Hungarian refugee fears for safety of deported family
Trafficking ring victim loses bid to keep wife, stepdaughter in Canada
A Hungarian man granted refugee status after he helped convict the human traffickers that brought him to Canada had to say goodbye to his wife and stepdaughter, after they were ordered deported by the Canada Border Services Agency.
The women reportedly left on a plane from Montreal's Pierre Elliot Trudeau International Airport on Friday.
Tibor Baranyai, 44, left his native Hungary on a promise of a high-paying job in 2009, but once he landed at Pearson Airport in Toronto, he was taken to Hamilton, Ont. where he was forced into hard labour.
He said he was locked in a basement with no light and no furniture except for a single mattress on the floor, until his escape in 2010.
Baranyai's testimony against his captors helped convict those caught in what the RCMP called the biggest human-trafficking bust in Canadian history.
Quebec Radio-Noon host Bernard St. Laurent spoke to Ildiko Nagy, Tibor Baranyai's stepdaughter, as she and her mother were packing and saying their goodbyes before leaving Montreal.Listen to his interview here.
The ring was part of one of Hungary's largest organized crime families, and Baranyai cannot return to Hungary, he said, out of fear that the traffickers' friends will retaliate.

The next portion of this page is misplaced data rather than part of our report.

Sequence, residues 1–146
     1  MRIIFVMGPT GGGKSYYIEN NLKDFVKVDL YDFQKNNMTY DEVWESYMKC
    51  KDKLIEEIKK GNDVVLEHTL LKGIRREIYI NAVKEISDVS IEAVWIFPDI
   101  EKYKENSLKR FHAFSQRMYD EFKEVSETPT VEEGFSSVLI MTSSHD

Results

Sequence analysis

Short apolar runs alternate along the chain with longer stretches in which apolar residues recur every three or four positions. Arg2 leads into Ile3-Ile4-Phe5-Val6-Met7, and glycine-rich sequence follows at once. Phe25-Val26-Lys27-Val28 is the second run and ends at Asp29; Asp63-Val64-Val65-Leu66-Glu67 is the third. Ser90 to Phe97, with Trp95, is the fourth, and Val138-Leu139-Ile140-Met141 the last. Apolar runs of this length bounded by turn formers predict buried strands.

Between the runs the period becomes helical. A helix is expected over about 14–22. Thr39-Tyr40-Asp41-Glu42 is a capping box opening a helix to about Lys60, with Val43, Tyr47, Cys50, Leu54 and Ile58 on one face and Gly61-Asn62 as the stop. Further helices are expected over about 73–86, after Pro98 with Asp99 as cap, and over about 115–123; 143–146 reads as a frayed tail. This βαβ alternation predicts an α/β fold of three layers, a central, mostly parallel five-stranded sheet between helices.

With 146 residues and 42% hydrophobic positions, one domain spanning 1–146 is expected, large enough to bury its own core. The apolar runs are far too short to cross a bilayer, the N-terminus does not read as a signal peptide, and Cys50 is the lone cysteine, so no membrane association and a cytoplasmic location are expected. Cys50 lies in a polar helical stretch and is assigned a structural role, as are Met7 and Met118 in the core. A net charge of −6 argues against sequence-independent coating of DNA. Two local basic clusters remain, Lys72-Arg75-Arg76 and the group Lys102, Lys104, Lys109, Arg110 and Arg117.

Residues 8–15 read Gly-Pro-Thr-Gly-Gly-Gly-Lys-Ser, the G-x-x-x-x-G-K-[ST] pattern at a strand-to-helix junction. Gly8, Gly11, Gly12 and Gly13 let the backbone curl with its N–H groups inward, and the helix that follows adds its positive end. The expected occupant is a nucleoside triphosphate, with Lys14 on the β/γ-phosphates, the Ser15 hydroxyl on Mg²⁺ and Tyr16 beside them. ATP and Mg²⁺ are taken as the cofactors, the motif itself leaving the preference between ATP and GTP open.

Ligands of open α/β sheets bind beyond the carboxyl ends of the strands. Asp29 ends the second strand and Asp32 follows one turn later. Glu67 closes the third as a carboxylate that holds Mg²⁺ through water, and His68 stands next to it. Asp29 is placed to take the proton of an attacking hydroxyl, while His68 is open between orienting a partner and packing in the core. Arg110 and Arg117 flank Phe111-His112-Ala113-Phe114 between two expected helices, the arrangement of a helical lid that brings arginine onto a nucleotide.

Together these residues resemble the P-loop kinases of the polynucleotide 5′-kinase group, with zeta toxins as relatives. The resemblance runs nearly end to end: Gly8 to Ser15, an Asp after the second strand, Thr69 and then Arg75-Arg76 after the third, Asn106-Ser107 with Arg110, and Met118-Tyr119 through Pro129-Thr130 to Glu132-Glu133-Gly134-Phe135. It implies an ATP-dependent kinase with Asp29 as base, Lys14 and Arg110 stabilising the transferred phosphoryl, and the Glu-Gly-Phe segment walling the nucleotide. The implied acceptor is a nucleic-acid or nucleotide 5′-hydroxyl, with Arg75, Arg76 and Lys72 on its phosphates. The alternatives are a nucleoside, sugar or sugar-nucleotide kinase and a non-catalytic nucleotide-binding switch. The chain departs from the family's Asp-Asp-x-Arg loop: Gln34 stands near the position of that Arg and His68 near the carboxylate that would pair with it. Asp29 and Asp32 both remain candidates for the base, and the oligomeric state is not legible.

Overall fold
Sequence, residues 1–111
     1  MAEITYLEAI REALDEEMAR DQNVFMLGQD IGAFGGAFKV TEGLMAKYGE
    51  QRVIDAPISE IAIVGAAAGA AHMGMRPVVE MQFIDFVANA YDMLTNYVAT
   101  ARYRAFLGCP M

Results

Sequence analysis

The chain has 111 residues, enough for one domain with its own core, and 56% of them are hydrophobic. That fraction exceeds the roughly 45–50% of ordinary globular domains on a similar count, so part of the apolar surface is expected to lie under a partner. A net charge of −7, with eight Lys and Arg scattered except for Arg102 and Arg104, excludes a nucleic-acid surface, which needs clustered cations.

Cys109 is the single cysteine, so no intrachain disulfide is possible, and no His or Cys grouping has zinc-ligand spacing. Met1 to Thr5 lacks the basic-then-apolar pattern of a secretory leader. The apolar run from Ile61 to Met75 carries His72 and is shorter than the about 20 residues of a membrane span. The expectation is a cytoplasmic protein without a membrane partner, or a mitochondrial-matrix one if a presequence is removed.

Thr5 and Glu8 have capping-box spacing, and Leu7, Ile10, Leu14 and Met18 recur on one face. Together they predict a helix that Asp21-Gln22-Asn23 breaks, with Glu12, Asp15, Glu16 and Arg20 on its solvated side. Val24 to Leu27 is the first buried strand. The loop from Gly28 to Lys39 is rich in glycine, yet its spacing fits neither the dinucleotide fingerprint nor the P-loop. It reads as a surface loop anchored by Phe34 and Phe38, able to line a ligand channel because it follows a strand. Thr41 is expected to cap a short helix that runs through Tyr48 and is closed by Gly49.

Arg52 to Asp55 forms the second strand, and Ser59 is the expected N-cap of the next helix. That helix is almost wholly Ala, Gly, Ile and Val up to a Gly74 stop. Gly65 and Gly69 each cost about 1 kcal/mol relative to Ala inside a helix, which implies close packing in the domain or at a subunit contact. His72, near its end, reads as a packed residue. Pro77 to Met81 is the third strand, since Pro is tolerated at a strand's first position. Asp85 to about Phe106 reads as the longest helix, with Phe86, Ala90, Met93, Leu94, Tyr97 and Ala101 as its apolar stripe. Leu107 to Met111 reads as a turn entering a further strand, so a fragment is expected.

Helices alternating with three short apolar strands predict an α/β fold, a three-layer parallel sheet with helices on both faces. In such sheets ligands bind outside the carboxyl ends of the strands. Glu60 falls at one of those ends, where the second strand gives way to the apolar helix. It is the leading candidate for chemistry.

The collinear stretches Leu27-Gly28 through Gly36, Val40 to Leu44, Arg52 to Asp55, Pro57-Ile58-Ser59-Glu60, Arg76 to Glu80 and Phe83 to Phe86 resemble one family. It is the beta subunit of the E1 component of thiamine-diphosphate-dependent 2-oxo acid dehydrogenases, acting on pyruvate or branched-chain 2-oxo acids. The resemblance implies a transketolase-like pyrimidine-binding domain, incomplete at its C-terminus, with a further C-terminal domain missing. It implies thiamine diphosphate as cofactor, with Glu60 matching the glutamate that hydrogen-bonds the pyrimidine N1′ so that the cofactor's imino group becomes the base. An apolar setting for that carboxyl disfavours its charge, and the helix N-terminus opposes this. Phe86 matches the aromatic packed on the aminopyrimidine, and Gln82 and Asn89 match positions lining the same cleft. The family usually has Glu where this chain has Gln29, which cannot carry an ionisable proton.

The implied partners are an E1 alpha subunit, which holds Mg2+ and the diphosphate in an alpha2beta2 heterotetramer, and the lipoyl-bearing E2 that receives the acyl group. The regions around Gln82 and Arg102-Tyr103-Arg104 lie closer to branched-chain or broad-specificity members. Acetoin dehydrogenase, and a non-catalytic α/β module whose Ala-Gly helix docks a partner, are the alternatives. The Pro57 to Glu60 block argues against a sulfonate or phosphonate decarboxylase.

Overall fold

Baranyai was granted refugee status in Canada, but his wife Ildiko Dellamario and her daughter Ildiko Nagy were denied the right to stay.
They are also Hungarian, and Dellamario sought refugee status in Canada because she claimed she had been threatened by customers of the bank where she had worked in Budapest.
After coming to Canada, Dellamario and her daughter settled in Montreal, where the mother worked as a cook at a Hungarian restaurant.
Baranyai, while living in Ontario, met her through an internet dating site and moved to Montreal where he married her.
Now Baranyai and his family fear his involvement with bringing down the human traffickers could imperil his wife and stepdaughter upon their return to Budapest.
"It still exists, this Mafia in Hungary," said Nagy. "We really believe they will find us, since we cannot hide. We don't want to hide, but we could not, anyway. It is a small country. They would find us, and they would hurt us...or worse."
A spokesperson for the Canada Border Services Agency said Friday night that for operational and safety reasons, the CBSA would not confirm the departure of the two women.